Legal Challenges to the Compact, Ballot Measures, Other Electoral Reforms

Political cases – no one should be shocked – do go to the Supreme Court from time to time. In these cases, the facts matter as much or more than theory. I’ve been a litigation attorney for decades, I’ve often been a client in litigation, and I’ve sometimes been a judge. So my view comes from experience. That can be inferior to theory. But not always.

Bush v. Gore certainly was a political case. Perhaps it was the most political case ever decided by the Supreme Court.

Suppose its facts had been different. Imagine that George Bush had won the popular vote by a half million but had lost the electoral vote based on the first vote count in Florida. Suppose further that his brother the governor of Florida and the Republican legislature of Florida had aggressively pursued a recount in a couple of key counties. Would the Supreme Court have ended the recount?

 Or imagine that Al Gore had won the popular vote by three million as did Hillary Clinton. And imagine further that the electoral result turned on 500 votes in each of Florida, New Hampshire and Tennessee. Would the Supreme Court have stopped the recounts in all three states?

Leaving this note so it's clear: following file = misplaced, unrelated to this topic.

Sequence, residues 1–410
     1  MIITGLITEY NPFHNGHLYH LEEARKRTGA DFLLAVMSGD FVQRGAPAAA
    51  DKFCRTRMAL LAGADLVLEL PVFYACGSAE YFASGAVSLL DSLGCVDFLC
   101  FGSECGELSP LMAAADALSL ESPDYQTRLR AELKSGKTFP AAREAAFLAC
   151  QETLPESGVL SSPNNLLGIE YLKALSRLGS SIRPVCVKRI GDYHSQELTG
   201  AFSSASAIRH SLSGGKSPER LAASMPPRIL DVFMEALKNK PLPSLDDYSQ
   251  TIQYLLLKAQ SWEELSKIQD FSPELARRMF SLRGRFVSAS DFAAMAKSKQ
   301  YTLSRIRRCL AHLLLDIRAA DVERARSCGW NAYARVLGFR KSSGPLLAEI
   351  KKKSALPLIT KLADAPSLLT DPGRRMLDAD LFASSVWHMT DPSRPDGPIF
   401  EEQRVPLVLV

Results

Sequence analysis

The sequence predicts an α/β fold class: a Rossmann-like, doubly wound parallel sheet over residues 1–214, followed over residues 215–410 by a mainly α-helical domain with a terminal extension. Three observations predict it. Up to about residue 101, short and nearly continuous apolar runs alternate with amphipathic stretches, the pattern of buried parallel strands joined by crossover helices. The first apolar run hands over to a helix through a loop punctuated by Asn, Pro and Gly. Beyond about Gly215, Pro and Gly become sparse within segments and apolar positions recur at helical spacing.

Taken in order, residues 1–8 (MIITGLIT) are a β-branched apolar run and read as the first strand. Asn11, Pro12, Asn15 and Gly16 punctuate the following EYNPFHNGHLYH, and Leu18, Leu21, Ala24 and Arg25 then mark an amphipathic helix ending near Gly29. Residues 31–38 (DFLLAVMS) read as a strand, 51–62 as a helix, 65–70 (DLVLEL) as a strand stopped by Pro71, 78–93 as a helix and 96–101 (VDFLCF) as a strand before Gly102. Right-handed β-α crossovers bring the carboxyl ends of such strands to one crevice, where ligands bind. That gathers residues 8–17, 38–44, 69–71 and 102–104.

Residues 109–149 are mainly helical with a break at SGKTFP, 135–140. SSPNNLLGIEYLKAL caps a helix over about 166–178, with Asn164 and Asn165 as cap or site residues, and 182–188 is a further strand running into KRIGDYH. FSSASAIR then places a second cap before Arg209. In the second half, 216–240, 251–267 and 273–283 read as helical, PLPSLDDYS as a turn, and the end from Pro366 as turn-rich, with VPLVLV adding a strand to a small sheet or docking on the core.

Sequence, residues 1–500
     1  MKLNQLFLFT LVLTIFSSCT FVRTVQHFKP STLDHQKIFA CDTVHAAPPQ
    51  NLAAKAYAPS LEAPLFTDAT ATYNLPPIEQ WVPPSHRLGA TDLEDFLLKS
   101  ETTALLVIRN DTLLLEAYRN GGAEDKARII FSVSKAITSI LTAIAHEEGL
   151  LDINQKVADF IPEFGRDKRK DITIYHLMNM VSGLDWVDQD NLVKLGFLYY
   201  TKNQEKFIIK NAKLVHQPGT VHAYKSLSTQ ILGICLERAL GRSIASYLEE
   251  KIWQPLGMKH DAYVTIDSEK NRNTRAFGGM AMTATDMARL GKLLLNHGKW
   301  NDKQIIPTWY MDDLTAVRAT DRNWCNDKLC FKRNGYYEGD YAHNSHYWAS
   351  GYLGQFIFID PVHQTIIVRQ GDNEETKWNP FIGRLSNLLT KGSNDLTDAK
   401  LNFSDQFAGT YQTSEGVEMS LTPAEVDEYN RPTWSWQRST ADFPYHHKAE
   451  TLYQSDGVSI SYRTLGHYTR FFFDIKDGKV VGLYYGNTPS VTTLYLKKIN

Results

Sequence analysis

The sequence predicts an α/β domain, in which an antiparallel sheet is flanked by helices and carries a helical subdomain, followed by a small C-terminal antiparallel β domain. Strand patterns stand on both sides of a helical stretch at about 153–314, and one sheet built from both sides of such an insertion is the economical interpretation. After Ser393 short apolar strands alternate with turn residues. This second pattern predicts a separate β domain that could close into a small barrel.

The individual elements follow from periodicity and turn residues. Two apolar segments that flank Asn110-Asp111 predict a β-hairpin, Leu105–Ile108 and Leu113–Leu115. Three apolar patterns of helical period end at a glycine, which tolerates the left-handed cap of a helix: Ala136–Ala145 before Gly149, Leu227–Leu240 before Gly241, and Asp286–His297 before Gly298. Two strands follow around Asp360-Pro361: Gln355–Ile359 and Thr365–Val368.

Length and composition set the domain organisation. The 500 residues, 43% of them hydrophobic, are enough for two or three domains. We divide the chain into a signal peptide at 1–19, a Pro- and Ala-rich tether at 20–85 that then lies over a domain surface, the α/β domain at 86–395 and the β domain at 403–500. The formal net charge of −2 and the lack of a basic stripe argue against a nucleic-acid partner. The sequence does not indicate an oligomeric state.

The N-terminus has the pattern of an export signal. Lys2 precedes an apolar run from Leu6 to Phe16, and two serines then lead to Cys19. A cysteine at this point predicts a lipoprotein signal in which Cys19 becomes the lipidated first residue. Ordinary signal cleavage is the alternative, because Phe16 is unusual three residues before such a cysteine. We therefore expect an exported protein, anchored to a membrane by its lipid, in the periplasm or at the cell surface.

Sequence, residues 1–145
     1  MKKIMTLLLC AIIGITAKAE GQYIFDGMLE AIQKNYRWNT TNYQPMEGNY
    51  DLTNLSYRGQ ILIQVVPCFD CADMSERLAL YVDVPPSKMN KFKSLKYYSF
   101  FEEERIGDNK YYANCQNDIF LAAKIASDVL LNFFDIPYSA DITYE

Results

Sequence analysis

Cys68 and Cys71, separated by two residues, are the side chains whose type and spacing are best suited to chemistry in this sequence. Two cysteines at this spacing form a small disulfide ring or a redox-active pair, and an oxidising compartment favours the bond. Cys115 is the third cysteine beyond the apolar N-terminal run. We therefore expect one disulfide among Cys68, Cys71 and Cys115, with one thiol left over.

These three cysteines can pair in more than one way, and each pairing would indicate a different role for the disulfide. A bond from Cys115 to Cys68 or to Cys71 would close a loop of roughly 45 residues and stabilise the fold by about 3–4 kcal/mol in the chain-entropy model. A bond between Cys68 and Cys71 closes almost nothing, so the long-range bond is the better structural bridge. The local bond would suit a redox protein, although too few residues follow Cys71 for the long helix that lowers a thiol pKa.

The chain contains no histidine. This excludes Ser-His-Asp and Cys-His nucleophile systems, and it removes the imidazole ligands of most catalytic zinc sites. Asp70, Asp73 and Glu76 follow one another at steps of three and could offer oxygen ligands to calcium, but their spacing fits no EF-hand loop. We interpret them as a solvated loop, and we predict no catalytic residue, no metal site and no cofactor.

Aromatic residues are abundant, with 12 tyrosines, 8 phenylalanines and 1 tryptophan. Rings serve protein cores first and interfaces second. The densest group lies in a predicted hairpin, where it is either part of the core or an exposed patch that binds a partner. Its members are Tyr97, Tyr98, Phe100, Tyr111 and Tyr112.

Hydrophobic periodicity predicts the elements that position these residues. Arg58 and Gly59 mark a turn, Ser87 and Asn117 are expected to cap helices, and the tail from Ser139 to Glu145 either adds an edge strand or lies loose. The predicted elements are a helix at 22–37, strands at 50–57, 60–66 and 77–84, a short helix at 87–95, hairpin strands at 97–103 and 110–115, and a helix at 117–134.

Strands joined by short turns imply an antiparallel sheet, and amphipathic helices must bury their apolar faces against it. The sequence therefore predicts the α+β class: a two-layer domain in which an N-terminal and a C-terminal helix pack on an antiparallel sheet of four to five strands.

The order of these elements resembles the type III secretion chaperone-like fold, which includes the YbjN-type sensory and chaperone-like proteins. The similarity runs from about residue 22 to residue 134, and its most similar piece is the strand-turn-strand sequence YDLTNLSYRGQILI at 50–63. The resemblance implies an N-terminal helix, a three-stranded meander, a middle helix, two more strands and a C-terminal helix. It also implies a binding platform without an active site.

I think the case would have come out differently with different facts.

If you agree with this assertion – if you think it might be true – then you would also agree that the various legal challenges to the National Popular Vote Interstate Compact would be less likely to succeed if the following facts were clear:

  • Not just 270 electors were bound to the Compact, but instead more than 300 were committed

  • The big majority of electors bound to the Compact reflected the enactment of this law in swing and red states

  • A big majority of Americans told pollsters that they understood and approved of the Compact

  • Some leading Republican elected official supported the Compact

  • In some swing and/or red states the voters chose the Compact as a measure on the ballot